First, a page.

The working principle structure of the AC contactor is shown in the figure below. When the coil is energized, the iron core is magnetized, attracting the armature to move downward, making the normally closed contact open and the normally open contact closed. When the coil is de-energized, the magnetic force disappears. Under the action of the reaction spring, the armature returns to the original position and the contact returns to the original state.

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How Does a Contactor Device Work?

To understand the contactor working, you need to know the various parts of a contactor. There are three essential components of a contactor;

The coil/electromagnet


The frame or enclosure

Coil or electromagnet

The coil provides the driving force in a contactor that closes the contacts. It features a coil wound around an electromagnetic core and thus behaves like an electromagnet. The coil has two parts, a fixed one and a movable part with a spring connecting both parts. This structure creates a spring return mechanism.

A rod called an armature is connected to the movable part. When the coil’s force is more than the spring’s force, both contacts connect. When the spring’s force is more than the coil’s force, the contacts disconnect.

The input of the contactor coil could either be AC or DC. This current comes from an external control circuit for the contactor and serves to excite the electromagnetic core. For AC contactors, soft laminated iron is the electromagnetic core material. It helps reduce the eddy current loss. In DC contactors, solid steel is the material for the electromagnetic core as the issue of eddy current does not arise.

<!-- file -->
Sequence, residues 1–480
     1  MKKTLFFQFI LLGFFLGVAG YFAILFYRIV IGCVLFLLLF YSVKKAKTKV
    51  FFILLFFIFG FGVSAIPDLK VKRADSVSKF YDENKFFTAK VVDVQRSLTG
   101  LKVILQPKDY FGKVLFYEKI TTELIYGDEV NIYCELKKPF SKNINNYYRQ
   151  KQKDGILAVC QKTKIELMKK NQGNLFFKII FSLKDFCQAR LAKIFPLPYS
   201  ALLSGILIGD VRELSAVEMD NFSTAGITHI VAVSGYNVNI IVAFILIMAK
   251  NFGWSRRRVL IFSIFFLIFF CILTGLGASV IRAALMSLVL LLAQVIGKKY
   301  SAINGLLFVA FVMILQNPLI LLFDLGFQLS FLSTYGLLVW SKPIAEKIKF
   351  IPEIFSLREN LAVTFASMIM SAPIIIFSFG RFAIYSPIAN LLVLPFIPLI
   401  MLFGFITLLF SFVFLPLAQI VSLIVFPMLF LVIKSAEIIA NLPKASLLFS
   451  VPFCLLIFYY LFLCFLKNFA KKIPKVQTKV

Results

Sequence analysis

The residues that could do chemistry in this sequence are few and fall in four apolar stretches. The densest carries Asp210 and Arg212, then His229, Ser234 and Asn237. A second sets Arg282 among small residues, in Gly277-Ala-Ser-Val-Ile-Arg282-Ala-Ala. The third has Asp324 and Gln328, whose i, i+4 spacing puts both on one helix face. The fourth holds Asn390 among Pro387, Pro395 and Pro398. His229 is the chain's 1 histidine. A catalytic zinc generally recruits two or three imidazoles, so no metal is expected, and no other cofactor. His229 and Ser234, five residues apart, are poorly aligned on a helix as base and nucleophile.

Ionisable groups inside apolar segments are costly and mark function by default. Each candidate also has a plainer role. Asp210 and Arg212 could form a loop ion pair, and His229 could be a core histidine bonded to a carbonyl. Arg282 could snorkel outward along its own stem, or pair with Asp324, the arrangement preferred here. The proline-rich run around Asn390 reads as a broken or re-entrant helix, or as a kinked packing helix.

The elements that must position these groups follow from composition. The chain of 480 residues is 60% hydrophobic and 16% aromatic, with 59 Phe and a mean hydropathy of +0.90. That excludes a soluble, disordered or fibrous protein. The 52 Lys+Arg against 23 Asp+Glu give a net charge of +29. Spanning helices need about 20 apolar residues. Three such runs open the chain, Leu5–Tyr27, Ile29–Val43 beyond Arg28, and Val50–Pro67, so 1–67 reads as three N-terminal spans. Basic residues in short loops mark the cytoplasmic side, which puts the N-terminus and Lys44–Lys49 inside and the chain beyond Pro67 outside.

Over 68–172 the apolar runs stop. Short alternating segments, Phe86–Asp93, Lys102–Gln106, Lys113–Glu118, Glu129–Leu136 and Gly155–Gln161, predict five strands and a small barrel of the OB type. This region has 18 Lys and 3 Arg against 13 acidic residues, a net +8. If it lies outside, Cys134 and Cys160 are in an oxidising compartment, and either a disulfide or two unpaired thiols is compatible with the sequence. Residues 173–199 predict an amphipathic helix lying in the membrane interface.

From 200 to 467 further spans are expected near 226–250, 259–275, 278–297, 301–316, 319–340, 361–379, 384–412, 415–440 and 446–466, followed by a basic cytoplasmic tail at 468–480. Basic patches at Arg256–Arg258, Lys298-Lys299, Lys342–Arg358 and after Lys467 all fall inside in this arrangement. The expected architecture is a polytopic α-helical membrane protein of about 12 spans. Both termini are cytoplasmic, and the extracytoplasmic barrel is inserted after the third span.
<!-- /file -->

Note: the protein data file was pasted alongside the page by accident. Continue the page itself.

Contacts perform the current carrying function in a contactor. There are different types of contacts in a contactor, and they are; auxiliary contact, power contact, and contact spring. The power contact has two types that are; stationary and movable contact.

Material for making contacts must have a high welding resistance and stable arc resistance. The material should also withstand erosion and mechanical stress. In high current and DC applications, the material is silver tin oxide, while in low current applications, the material is silver nickel and silver cadmium oxide.


As the name suggests, the enclosure protects the internal parts of the contactor. It shields the contacts from dust, bad weather, explosion hazards, and oil. It also prevents personnel from touching the contacts.

The contactor working, in a nutshell, is as follows

Current from the external control circuit passes through the contactor, exciting the electromagnetic core. In turn, the coil/electromagnet creates a magnetic field which makes the contactor move the armature. A normally closed contact then makes the circuit complete between the fixed and moving contacts. The current is then able to pass through these contacts to the load.

When the current is removed, the coil becomes de-energized, and the magnetic force falls to zero. The spring force is thus higher and pulls back the armature opening the circuit. The design of contactors facilitates rapid ON-OFF action.

Ac Contactor Application